Home > Apple Silicon, Mac administration, macOS, Rosetta 2, Scripting > Installing Rosetta 2 on Apple Silicon Macs

Installing Rosetta 2 on Apple Silicon Macs

With Apple now officially selling Apple Silicon Macs, there’s a design decision which Apple made with macOS Big Sur that may affect various Mac environments:

At this time, macOS Big Sur does not install Rosetta 2 by default on Apple Silicon Macs.

Rosetta 2 is Apple’s software solution for aiding in the transition from Macs running on Intel processors to Macs running on Apple Silicon processors. It allows most Intel apps to run on Apple Silicon without issues, which provides time for vendors to update their software to a Universal build which can run on both Intel and Apple Silicon.

Without Rosetta 2 installed, Intel apps do not run on Apple Silicon. So for those folks who need Rosetta 2, how to install it? For more details, please see below the jump.

You can install Rosetta 2 on Apple Silicon Macs using the softwareupdate command. To install Rosetta 2, run the following command with root privileges:

/usr/sbin/softwareupdate --install-rosetta

Installing this way will cause an interactive prompt to appear, asking you to agree to the Rosetta 2 license. If you want to perform a non-interactive install, please run the following command with root privileges to install Rosetta 2 and agree to the license in advance:

/usr/sbin/softwareupdate --install-rosetta --agree-to-license

Having the the non-interactive method for installing Rosetta 2 available makes it easier to script the installation process. My colleague Graham Gilbert has written a script for handling this process and discussed it here:


I’ve written a similar script to Graham’s, which is available below and from the following address on GitHub:


# Installs Rosetta as needed on Apple Silicon Macs.
# Determine OS version
# Save current IFS state
IFS='.' read osvers_major osvers_minor osvers_dot_version <<< "$(/usr/bin/sw_vers -productVersion)"
# restore IFS to previous state
# Check to see if the Mac is reporting itself as running macOS 11
if [[ ${osvers_major} -ge 11 ]]; then
# Check to see if the Mac needs Rosetta installed by testing the processor
processor=$(/usr/sbin/sysctl -n machdep.cpu.brand_string | grep -o "Intel")
if [[ -n "$processor" ]]; then
echo "$processor processor installed. No need to install Rosetta."
# Check Rosetta LaunchDaemon. If no LaunchDaemon is found,
# perform a non-interactive install of Rosetta.
if [[ ! -f "/Library/Apple/System/Library/LaunchDaemons/com.apple.oahd.plist" ]]; then
/usr/sbin/softwareupdate –install-rosetta –agree-to-license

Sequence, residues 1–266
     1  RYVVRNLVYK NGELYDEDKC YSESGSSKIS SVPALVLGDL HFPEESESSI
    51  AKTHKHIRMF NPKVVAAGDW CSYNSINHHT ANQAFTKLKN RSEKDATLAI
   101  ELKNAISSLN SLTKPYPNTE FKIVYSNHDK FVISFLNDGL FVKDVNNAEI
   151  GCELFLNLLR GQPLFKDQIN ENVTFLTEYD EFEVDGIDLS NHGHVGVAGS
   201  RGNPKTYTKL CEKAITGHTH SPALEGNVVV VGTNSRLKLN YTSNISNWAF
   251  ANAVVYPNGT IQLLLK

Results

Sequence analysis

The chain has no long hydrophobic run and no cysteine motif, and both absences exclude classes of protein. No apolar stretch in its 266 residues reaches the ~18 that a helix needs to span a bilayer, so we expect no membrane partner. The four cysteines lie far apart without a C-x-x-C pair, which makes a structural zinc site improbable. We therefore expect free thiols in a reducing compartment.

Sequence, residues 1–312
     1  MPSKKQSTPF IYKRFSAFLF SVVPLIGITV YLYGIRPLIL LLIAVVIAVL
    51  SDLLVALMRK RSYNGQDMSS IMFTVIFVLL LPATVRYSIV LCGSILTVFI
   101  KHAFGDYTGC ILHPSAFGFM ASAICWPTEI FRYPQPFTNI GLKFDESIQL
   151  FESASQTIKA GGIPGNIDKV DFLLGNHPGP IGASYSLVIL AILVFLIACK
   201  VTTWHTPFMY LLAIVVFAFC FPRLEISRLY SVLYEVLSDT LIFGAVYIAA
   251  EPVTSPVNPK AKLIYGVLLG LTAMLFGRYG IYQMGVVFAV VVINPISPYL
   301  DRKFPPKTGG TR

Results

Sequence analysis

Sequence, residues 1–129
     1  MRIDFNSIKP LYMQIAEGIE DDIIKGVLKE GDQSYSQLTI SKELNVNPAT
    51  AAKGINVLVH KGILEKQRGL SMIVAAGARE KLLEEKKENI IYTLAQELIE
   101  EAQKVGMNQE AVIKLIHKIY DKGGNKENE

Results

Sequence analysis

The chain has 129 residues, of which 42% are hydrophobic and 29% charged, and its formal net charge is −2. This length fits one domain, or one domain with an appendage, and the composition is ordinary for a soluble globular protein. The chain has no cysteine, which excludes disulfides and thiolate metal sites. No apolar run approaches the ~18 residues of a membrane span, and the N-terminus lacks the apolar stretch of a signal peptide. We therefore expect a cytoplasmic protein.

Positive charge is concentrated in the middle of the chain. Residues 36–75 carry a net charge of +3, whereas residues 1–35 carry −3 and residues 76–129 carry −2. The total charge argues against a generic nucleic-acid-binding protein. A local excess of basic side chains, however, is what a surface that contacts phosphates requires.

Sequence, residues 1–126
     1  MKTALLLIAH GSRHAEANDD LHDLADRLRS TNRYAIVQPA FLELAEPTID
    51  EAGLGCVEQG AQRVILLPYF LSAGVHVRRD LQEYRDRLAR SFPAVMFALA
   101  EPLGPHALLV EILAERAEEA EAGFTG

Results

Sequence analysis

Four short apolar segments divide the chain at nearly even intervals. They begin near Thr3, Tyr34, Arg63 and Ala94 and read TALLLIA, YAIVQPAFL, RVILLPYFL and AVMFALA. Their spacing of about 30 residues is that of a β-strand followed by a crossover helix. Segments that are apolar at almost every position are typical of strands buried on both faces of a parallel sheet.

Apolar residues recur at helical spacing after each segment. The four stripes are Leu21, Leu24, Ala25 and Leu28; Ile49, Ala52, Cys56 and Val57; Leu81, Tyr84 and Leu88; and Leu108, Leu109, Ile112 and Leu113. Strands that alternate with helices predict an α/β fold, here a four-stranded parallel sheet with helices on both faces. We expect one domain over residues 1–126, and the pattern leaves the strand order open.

if [[ $? -eq 0 ]]; then
echo "Rosetta has been successfully installed."
echo "Rosetta installation failed!"
echo "Rosetta is already installed. Nothing to do."
echo "Mac is running macOS $osvers_major.$osvers_minor.$osvers_dot_version."
echo "No need to install Rosetta on this version of macOS."
exit $exitcode

  1. Jano
    November 19, 2020 at 9:49 am

    This is not needed. The first time you run an Intel-compiled app the Mac will prompt you to install Rosetta. Basically it does what your Terminal-command told it to do.

    • November 20, 2020 at 4:44 am

      It is needed, it allows you to install Rosetta ahead of a staff member in your organisation needing the app they’re using. If they run it they would most likely need admin rights, which not all orgs give.

      • Jano
        November 20, 2020 at 8:22 am

        Yeah, I can see it being useful for admins but you could also just launch any Intel-compiled app and use that to get to the prompt to install Rosetta. So no, it’s not needed but some might find using Terminal easier.

        That’s fine but this post makes it sounds like all users have to do this to install Rosetta. Since this post is the second result I get from DuckDuckGo when searching for “installing rosetta 2” I think it could be misleading average users who will land here.

    • J
      December 1, 2020 at 9:41 pm

      The target audience for this blog are administrators who manage large numbers of Apple devices as their profession (such as the author, Rich Trouton). If you are an end user, then this isn’t really directed to you and you are correct that an end user does not need this method (though obviously this method will work for end users as well). However, system administrators who may have hundreds or thousands of Macs potentially spread globally, may very well need a method to automate the process and eliminate the prerequisite of user interaction. So the “need” in this case, is based on the concerns of the audience, not the requirements to enable Rosetta 2.

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